Malthusian Poverty

In 1798, the Reverend Thomas Malthus published his Essay on the Principle of Population1. In this essay, Malthus made a catastrophic prediction that the world’s population would outgrow the resources needed to support it. Fortunately, after more than 200 years, we know that this prediction turned out to be wrong. Although his work was largely flawed, the lessons we have learned from Malthus’s great miscalculation have been some of the most important ones in modern history. What we have learned over the last 200 years is that human ingenuity has the incredible ability to change the course of history. Despite our understanding of Malthus’s failures, we continue to replicate many of these same mistakes when we think about poverty.

The Malthusian prediction was ultimately wrong, but certainly not absurd. Based largely on the observations of a growing population and increasing poverty in the French countryside, Malthus was simply extending the trends of human history outward. By the 1790’s, human productivity and the standard of living had gone largely unchanged since the beginning of time (see figure 1). Throughout his life, however, Malthus was observing unprecedented population growth. By 1780, France had a population of nearly 30 million, while Great Britain’s population hovered around 8 million.2 Given the trends of human productivity and population growth throughout history, it seemed inevitable that these trends would lead to poverty, famine, and starvation (figure 2).

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Figure 2
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Figure 1

What Malthus failed to account for, and what ultimately saved humanity from the consequences of his prediction, was the explosion of human productivity seen in the second half of figure 1. The growing population and stagnant productivity of resources that Malthus discussed lead to necessity. Out of that necessity came the greatest period of human ingenuity in history. The industrial revolution, the mechanization of labor and agriculture, and the advancements of medicine, education, and safety that transformed the quality of life were beyond the scope of imagination in 1798. Malthus failed to account for human ingenuity because it was all but non-existent at the time of his writing. He observed clear trends in productivity that had gone unchanged throughout all of history. This led him to believe that the course of history would dictate the trends of the future. His failure to understand the intrinsic ability of humans to solve the problems laid before them led him to believe that the future looked grim.

While Malthus is often ridiculed for his failure to see the power of human ingenuity, this outlook is not far from the way we address poverty today. We look to developing countries and see vast population growth, scarce available resources, and a long history of stagnant productivity, and worry that these countries will never truly prosper (figure 3). Much like Malthus, we often fail to realize the power of human ingenuity in developing countries. This failure has led to decades of paternalistic development, to say nothing of the Malthusian predictions for the future of developing countries.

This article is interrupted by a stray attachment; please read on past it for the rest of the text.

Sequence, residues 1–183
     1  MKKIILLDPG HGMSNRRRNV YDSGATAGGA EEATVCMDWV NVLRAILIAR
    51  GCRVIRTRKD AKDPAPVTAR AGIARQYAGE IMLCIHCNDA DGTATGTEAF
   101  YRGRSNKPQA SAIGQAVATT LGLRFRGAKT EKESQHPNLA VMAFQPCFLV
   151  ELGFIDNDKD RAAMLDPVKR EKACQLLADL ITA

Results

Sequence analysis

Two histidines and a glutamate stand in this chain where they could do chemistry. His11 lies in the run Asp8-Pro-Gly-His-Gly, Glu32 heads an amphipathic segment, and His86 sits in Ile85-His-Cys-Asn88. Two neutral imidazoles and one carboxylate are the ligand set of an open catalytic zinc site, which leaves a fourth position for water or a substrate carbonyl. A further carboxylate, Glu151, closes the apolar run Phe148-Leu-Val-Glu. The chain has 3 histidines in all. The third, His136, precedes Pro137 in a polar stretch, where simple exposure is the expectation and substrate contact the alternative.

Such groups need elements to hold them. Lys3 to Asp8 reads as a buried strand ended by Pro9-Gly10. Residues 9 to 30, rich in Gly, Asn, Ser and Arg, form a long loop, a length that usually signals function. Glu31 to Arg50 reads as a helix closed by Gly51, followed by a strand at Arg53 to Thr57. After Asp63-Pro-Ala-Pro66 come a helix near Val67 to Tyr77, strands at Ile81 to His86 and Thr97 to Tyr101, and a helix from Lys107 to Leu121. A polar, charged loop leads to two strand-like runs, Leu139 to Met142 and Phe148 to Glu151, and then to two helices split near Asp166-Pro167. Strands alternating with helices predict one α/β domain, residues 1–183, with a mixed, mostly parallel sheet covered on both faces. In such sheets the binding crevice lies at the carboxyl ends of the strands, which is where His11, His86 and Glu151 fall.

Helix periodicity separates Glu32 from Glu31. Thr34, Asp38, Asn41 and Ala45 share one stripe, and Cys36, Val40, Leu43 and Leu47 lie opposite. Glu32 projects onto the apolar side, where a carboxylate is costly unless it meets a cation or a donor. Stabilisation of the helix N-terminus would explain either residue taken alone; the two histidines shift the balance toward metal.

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Figure 3

The trends of history are no indication of the future. While most developing countries have failed to see large gains in productivity or the standard of living throughout their long history, we cannot be blinded by these trends. There exists an undeniable ingenuity and entrepreneurial spirit in the developing world. It is not a matter of if these countries will come to prosper, but how. The critical lesson that Malthus taught us is that we can never underestimate the abilities of people. This is as true of the developing world today as it was of Western Europe at the turn of the 19th century. Like the explosion of growth that occurred in the Western world in the 1800’s, it will be the brilliance, inventiveness, and hard work of those living in poverty that will ultimately pull them out of it.

  1. Malthus, T.R. (1798). Essay on the Principle of Population. London: J. Johnson, in St. Paul’s Church-yard.
  2. Piketty, T., & Goldhammer, A. (2014). Capital in the twenty-first century. Cambridge Massachusetts: The Belknap Press of Harvard University Press.
  3. Kedrosky, P. (2012). The Economic History of the Last 2000 Years. The Atlantic.

Published by Scott Miller

Scott is currently earning his PhD in development economics at the University of Florida. He has worked for various non-profits and international organizations, including USAID. Scott has worked on a number of research projects around the world, including projects in Haiti, Nepal and Brazil.

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